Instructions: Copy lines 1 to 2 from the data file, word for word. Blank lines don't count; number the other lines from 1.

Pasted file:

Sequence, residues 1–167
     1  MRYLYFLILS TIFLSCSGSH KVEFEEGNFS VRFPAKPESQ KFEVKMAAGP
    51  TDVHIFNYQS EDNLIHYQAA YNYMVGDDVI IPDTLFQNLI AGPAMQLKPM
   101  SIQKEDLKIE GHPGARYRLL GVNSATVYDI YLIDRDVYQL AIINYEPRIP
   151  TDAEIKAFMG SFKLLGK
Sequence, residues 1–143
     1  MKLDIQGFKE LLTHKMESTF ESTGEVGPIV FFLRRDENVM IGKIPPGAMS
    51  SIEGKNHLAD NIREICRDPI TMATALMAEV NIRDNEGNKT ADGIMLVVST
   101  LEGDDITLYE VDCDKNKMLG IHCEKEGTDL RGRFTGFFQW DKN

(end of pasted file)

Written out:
Sequence, residues 1–167
     1  MRYLYFLILS TIFLSCSGSH KVEFEEGNFS VRFPAKPESQ KFEVKMAAGP